Microsoft today revealed a new web site called Microsoft by the Numbers that it says highlights some of the important (and not-so-important) facts about its business and the company. But I’m curious what the point is. We know that Microsoft is big. Does this suggest a bit of nervousness about its relevance in an ever-changing world? And what about the numbers they’re hiding?
“Sometimes numbers are more effective at telling a story than words,” Microsoft corporate vice president of communications Frank Shaw notes in a post to The Official Microsoft Blog. “That’s why today we’re introducing a new site at microsoft.com/bythenumbers that uses a familiar interface … In the spirit of live tiles, we’ll update this site frequently, so you can keep apprised of the progress we’re making in our transition to a devices and services company, and of how many cans of Coke Zero we’re consuming each year (hint: it’s the most popular soda on our campus).”
So. Hm. Certainly there are some big numbers here. Looking just at the “important” ones I see…
100 million. Number of Windows 8 licenses sold.
48 million. Number of members of Xbox Live.
250 million. Number of Windows Store app downloads.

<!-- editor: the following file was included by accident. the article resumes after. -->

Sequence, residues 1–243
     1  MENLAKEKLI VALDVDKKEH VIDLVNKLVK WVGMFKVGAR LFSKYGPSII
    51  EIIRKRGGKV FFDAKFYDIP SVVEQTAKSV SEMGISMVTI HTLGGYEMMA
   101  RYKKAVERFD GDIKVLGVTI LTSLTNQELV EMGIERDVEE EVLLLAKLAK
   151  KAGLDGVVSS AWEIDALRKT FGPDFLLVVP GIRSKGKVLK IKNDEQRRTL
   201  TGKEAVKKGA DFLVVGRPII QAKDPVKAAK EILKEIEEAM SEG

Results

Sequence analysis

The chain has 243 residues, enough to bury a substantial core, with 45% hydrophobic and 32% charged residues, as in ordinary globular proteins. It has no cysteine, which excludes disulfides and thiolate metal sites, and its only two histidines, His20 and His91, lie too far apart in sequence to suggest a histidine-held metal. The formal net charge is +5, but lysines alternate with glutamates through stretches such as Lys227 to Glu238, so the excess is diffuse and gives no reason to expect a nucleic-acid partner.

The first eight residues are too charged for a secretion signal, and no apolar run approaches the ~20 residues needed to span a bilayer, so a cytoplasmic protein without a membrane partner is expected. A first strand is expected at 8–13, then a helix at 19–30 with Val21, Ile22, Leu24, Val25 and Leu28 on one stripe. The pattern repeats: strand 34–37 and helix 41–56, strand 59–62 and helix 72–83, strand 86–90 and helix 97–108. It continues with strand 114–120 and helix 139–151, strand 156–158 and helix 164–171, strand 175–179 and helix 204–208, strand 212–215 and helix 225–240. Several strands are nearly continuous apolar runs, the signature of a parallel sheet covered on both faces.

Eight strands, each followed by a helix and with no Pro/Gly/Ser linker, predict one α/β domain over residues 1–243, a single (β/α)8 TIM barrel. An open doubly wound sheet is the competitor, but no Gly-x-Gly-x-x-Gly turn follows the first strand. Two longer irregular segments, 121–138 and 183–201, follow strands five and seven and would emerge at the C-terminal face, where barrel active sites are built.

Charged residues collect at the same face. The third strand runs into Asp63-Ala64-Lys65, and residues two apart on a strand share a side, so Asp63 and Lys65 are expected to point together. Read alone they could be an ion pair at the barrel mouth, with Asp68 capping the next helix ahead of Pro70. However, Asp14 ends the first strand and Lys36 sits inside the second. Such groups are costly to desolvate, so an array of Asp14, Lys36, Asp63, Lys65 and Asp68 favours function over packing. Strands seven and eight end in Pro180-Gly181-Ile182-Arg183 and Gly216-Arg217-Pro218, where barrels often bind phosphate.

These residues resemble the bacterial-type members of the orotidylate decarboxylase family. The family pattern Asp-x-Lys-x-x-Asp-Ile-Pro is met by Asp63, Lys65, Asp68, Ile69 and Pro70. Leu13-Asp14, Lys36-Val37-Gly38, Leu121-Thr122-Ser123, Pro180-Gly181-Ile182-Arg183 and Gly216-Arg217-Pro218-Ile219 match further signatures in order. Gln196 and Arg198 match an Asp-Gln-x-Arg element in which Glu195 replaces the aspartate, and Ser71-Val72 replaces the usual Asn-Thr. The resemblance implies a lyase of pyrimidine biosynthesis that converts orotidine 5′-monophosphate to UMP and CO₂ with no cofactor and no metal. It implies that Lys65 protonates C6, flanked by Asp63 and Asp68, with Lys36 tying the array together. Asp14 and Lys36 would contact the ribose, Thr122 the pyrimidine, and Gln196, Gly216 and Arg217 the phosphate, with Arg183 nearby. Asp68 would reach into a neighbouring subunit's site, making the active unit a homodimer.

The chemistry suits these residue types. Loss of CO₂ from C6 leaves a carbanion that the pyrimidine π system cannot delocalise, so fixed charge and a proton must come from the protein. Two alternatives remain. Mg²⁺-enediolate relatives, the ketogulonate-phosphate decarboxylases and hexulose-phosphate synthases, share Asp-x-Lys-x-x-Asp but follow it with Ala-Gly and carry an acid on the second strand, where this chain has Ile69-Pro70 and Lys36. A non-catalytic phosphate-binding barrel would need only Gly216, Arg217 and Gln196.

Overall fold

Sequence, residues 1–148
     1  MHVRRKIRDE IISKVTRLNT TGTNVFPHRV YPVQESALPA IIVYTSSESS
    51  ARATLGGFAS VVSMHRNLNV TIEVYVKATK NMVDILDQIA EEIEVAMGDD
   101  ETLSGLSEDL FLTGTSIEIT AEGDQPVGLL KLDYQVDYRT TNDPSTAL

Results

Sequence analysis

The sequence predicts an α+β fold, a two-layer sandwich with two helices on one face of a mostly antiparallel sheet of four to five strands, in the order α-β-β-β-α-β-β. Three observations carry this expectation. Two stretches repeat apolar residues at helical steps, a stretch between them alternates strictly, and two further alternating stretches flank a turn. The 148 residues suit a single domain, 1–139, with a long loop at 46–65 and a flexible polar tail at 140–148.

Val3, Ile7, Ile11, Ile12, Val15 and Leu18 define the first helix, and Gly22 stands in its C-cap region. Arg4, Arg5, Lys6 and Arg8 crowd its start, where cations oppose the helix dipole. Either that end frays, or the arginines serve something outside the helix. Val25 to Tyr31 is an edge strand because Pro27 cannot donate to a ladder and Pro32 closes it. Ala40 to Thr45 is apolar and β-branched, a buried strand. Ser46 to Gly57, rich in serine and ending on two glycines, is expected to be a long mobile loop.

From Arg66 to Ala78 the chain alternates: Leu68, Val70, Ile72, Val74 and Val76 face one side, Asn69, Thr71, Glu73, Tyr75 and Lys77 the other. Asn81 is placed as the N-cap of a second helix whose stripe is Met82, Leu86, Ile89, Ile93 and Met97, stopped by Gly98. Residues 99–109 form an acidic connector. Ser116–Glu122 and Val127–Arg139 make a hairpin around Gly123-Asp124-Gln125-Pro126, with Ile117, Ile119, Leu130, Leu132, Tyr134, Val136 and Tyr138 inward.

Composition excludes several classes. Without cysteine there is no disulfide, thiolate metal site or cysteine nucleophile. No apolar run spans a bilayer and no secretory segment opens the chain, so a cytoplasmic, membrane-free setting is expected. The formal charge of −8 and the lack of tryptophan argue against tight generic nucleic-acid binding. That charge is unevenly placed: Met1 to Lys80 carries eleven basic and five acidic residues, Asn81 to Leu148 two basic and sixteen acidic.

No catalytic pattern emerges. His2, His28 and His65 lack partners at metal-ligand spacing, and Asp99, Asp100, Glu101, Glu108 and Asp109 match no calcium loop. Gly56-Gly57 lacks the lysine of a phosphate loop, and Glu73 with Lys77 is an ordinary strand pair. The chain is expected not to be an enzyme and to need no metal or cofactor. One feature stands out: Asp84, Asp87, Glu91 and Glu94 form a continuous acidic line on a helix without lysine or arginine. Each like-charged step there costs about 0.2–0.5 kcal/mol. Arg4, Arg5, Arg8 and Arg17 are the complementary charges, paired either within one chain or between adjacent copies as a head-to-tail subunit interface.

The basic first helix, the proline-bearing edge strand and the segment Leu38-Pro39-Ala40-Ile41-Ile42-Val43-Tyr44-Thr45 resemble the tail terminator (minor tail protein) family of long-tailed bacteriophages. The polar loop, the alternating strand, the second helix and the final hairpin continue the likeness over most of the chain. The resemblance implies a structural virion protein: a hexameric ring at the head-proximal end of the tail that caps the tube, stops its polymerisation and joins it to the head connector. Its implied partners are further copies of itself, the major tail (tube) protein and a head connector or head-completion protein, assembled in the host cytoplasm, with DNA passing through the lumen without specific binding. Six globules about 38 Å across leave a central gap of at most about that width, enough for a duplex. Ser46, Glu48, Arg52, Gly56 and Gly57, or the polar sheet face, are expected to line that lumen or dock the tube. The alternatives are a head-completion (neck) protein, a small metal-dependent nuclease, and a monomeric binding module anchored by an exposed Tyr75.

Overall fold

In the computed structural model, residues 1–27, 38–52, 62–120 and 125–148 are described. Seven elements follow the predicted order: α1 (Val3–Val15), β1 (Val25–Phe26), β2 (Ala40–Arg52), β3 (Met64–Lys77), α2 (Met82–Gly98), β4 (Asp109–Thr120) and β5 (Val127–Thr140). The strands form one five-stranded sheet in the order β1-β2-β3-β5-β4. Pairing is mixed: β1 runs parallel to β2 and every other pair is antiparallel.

170,000. Number of apps in the Windows Phone Store.
250 million. Number of people using SkyDrive.
76 million. Number of Xbox 360 consoles sold worldwide.
400 million. Number of active users of Outlook.com.
These are all big numbers. The thing is, each can be followed by a “but…” statement. For example, Microsoft has sold over 100 million licenses to Windows 8. But… we know that dramatically fewer people actually use Windows 8, so many of those licenses were used to downgrade to Windows 7 or are sitting on unsold PCs. And so on.
Microsoft’s need to remind people that it is big, that its products are in fact used by millions of people, is more interesting to me than the numbers themselves. Microsoft isn’t telling us how it’s irrelevant in the smart phone and tablet markets at the moment, for example. I mean, imagine numbers like:
-11. Percentage growth in the PC market, year-over-year.
1.4 billion. Amount in dollars that Microsoft spent marketing Windows 8 and Surface in fiscal 2013.
900 million. Amount in dollars Microsoft wrote off in the last quarter due to Surface RT inventory adjustments.
This are important numbers too. I’m not trying to be a jerk about it. It’s just that these and other negative facts must be presented as well to get a full picture of Microsoft by the numbers. Microsoft’s numbers are only part of the story.